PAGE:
“Typically, wildlife does not consider such corridors their permanent habitat,” says Paudel. Prior to the conservation efforts, tigers were rarely spotted by cameras in the corridor — but Paudel says that in the 2021 tiger census, it was found that four tigers were permanently living in the Khata corridor.
Territorial in nature, tigers need up to 58 square miles to roam and constantly seek new habitats — and the corridor has allowed the population to move freely and flourish, says Paudel.
While the growing tiger population is a great conservation success story, the region is now facing a new problem: escalating human-wildlife conflict.
Tiger attacks like Tharu’s were a rare occurrence in 2004. But as the tiger population increases, these attacks are becoming more frequent, and since 2019, there have been at least 34 fatal attacks on people in the Banke and Bardiya National Parks alone, says Paudel. Around 6,000 communities live in the corridor, and a busy highway runs through the middle, creating more opportunities for conflict.
The NTNC monitors the tigers with camera traps and identifies potentially problematic tigers. After an attack, a tiger will often revisit the site, says Paudel, allowing the team to profile the animal and analyze behavior patterns.
“If we ascertain that these tigers are frequently involved in human casualties, we recommend their capture,” he says, adding this is carried out by a team comprising the Nepalese Army, the National Park office, and NTNC.
In addition to tracking and monitoring the tigers, the NTNC also manages the local deer population — the tiger’s main prey — to ensure there is enough food, and that the correct areas of the park, away from villages, are most attractive for the deer to live in. “This practice helps in containing tigers within the national park, thereby minimizing conflicts within the community,” says Paudel.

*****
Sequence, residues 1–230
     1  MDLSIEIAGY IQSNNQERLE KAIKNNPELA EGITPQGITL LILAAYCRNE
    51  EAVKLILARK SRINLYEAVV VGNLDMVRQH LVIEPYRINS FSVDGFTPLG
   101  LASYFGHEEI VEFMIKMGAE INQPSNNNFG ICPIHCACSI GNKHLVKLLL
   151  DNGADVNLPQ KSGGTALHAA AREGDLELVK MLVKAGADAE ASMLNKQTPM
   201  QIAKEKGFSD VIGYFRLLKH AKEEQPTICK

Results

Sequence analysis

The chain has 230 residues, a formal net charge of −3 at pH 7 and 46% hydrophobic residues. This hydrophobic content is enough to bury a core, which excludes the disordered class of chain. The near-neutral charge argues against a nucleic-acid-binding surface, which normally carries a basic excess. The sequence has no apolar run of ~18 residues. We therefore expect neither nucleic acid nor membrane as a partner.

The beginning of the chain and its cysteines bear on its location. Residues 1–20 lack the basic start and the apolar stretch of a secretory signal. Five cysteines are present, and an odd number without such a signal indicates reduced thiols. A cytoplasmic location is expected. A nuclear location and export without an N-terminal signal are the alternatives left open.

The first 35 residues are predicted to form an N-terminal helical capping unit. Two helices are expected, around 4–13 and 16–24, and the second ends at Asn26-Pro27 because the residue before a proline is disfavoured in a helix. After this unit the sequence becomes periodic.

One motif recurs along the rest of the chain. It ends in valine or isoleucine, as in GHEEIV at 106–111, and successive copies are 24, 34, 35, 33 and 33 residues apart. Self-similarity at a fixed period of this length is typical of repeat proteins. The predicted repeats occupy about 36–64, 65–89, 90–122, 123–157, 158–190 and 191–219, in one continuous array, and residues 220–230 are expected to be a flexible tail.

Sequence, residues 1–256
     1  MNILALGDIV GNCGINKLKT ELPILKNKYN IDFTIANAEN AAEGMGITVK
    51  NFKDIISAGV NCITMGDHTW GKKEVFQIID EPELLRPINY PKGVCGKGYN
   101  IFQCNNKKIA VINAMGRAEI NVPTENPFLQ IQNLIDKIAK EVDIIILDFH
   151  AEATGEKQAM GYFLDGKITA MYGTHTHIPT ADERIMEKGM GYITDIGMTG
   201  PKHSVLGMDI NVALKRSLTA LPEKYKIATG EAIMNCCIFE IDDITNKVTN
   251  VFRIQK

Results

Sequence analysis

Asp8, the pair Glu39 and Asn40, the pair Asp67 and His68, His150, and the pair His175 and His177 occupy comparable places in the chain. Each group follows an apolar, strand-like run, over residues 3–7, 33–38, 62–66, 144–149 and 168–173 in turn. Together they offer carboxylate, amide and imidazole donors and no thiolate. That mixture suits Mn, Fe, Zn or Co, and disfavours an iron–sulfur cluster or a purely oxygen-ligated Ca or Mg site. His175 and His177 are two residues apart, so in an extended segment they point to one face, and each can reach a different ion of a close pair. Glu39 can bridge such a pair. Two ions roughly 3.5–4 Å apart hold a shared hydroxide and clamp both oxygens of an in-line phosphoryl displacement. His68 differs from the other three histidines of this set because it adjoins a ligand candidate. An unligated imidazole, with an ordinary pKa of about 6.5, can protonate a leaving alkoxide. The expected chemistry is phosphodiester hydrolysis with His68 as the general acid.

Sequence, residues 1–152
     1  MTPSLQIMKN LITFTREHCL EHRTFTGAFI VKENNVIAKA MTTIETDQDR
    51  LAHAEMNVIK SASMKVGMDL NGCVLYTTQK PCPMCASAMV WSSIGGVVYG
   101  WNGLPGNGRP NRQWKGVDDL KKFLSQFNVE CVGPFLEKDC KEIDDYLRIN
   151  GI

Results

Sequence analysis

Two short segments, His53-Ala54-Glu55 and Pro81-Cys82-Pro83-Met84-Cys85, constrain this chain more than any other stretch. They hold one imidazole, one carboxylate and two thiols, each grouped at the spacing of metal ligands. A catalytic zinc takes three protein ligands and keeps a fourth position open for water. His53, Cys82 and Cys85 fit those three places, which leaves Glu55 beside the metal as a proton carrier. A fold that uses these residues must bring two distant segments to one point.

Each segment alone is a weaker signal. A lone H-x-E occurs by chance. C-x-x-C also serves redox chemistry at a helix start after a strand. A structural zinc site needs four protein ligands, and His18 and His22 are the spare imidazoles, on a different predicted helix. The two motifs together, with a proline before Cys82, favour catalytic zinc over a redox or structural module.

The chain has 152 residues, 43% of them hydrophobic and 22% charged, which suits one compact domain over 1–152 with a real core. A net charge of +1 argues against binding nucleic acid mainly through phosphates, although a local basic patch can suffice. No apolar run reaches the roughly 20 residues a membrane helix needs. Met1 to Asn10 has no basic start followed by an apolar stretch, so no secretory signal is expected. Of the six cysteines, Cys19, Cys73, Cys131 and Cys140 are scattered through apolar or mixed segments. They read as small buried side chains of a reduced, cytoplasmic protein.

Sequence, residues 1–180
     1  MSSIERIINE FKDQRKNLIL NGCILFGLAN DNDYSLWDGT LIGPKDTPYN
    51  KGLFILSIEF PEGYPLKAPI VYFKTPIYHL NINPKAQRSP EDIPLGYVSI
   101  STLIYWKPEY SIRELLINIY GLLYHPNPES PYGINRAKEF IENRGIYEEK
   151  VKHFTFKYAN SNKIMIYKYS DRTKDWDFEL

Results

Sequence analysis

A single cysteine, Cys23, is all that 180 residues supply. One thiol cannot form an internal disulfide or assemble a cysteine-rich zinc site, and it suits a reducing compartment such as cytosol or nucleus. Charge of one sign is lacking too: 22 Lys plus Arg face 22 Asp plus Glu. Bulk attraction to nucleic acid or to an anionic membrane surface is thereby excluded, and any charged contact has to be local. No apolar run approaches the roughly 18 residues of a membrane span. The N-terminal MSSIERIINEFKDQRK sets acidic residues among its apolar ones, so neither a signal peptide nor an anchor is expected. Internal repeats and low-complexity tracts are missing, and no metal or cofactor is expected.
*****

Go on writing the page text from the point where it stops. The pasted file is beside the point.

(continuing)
Similarly, the creation of artificial watering holes has also helped to disperse the tiger population and direct animals away from local communities.
However, tiger population growth isn’t the only reason behind the increased human-wildlife conflict, says Paudel. “Our community members are encroaching upon wildlife habitats, venturing into the forests alone, and disturbing the natural habitat. As a result of this disturbance, they often encounter attacks from tigers.”
It is easier to influence human behavior than change the tigers, says Paudel, and so NTNC also works on community outreach to educate and empower, and prevent attacks by installing infrastructure such as fences and shelters.
“It is crucial to prioritize community development, to ensure that communities become advocates for tiger conservation,” Paudel adds.
Even as human-animal conflicts increase, Tharu says the local communities are happy to see the tiger population flourish. As apex predators, tigers are a keystone species which means that they are essential to the forest ecosystem that the surrounding communities rely on for their homes, sustenance and livelihoods. “The tigers were once endangered, and now they are back. It is good news for us,” Tharu says.
By teaching communities to take precautions, he hopes that attacks can be reduced too. “Every being has equal rights on the earth,” he says.